Within months, a consortium of 19 bankers approved CDR’s proposal for national loans worth Rs 9,500 crore with a 10-year repayment plan at a reduced interest rate. The lenders have also granted a new working capital loan of Rs 1,800 crore with an interest provision worth Rs 1,500 crore to be converted into equity. CDR also mandated Suzlon to raise Rs 2,200 crore by selling non-core assets such as component manufacturing subsidiaries and non-critical assets such as SE Forge, SE Electricals and some units in China, in addition to the shutdown. of a unit in Pondicherry. The Hansen gearbox manufacturing unit, which was purchased in 2007-08 for 465 million euros in cash, was sold in installments to raise more than $ 1 billion to pay off debts. In January 2015, Suzlon sold its main asset, Senvion SE (formerly REpower) to the American private equity firm Centerbridge Partners for 1 billion euros (then more than Rs 7,200 crore). Even the takeover of REpower did not go smoothly and Suzlon had to wait many years to take control of the company.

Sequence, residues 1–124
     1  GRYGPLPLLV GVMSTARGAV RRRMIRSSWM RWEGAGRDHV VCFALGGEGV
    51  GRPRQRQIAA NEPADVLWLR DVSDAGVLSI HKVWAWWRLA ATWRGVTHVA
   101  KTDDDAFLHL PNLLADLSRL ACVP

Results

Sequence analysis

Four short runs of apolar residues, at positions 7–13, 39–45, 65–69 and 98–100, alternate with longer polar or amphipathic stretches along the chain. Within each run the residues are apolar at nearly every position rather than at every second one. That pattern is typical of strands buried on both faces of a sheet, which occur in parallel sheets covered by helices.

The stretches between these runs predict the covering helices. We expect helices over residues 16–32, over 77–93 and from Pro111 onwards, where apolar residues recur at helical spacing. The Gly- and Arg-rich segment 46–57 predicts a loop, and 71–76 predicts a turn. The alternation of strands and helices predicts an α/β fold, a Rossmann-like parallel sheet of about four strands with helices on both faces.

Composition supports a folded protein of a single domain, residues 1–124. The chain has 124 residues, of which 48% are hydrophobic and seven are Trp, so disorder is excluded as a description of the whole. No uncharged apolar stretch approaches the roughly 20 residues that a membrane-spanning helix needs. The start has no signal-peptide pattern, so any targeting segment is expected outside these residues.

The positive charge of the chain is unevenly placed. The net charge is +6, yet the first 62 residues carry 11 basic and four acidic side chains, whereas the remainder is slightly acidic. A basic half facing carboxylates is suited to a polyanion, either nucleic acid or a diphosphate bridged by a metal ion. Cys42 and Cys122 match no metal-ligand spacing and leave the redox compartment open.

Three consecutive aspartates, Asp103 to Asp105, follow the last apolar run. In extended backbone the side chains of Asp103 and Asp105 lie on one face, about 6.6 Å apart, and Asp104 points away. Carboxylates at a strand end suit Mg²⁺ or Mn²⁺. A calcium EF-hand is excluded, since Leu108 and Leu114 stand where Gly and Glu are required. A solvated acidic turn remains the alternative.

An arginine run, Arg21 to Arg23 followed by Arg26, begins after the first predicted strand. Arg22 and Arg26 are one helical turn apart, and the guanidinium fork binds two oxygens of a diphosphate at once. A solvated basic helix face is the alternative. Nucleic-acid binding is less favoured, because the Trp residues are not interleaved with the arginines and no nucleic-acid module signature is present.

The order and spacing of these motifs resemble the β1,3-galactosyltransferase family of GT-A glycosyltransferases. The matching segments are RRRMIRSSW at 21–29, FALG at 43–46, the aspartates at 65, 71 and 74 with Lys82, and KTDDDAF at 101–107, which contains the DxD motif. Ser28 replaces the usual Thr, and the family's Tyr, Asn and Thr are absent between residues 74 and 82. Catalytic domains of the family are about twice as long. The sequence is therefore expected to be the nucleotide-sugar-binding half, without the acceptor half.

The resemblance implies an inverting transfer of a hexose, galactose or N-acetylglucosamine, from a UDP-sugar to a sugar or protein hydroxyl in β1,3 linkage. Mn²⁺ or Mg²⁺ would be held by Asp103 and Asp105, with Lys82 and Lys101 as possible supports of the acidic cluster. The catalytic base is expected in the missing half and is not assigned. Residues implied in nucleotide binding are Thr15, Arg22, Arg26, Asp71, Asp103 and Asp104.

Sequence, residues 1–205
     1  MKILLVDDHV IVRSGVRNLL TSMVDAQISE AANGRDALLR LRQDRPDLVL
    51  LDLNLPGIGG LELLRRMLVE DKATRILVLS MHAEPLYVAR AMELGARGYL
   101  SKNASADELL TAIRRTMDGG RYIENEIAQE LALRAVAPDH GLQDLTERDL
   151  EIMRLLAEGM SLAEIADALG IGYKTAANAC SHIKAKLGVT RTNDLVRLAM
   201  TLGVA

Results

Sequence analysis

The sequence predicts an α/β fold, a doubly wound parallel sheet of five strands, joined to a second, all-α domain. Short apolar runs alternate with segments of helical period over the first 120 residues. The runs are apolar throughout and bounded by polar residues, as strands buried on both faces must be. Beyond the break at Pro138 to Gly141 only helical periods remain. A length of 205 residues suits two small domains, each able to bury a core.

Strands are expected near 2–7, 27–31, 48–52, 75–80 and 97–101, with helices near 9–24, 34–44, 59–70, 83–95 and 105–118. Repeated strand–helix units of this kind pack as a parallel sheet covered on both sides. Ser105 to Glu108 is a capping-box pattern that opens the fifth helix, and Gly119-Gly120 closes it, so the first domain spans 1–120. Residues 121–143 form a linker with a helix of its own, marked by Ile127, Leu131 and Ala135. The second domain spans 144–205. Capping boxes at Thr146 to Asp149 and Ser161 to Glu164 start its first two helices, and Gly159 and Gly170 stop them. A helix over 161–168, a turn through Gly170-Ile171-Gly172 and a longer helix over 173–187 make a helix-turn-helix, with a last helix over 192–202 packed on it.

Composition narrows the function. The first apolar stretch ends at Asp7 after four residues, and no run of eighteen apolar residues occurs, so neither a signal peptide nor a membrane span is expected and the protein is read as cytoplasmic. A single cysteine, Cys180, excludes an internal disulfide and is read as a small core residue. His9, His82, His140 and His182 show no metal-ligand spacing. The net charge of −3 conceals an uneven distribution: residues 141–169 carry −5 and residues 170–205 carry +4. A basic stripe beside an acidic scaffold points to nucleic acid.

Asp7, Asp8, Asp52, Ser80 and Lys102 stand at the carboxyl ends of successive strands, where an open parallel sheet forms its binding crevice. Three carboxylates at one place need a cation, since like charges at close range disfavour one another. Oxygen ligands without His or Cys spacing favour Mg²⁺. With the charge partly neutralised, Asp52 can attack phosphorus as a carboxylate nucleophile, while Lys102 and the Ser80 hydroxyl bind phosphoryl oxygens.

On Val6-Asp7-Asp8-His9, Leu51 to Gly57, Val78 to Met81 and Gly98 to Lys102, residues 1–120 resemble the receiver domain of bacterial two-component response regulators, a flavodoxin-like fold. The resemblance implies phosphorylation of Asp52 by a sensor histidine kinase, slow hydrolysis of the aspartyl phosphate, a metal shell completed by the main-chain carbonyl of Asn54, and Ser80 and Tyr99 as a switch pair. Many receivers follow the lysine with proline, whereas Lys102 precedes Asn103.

REpower was formed in 2001 by the merger of four wind turbine companies in Germany. Fritz Vahrenholt, German politician and former minister, was the CEO of REpower at the time of the takeover. Areva and the Portuguese Martifer have acquired stakes in REpower. Tanti had waged a bidding war for more than five months to acquire the company for 1.35 billion euros (around Rs 7,314 crore) in order to gain management control of nearly 75 percent. By this time, Suzlon’s consolidated net had swelled to over Rs 17,000 crore. Vahrenholt left REpower in 2008 and Suzlon managed to increase his stake, but successive CEOs and many senior executives came out one after another. Suzlon had to downsize its operations and focus more on the domestic market than on aggressive globalization.
Big drop from the top